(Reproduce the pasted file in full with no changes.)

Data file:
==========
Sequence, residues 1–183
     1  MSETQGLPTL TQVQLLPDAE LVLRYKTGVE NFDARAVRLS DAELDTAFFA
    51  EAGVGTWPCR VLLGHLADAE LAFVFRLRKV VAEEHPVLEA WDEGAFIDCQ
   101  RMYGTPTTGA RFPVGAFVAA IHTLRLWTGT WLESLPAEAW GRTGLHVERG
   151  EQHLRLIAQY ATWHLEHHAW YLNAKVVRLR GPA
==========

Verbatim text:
Sequence, residues 1–183
     1  MSETQGLPTL TQVQLLPDAE LVLRYKTGVE NFDARAVRLS DAELDTAFFA
    51  EAGVGTWPCR VLLGHLADAE LAFVFRLRKV VAEEHPVLEA WDEGAFIDCQ
   101  RMYGTPTTGA RFPVGAFVAA IHTLRLWTGT WLESLPAEAW GRTGLHVERG
   151  EQHLRLIAQY ATWHLEHHAW YLNAKVVRLR GPA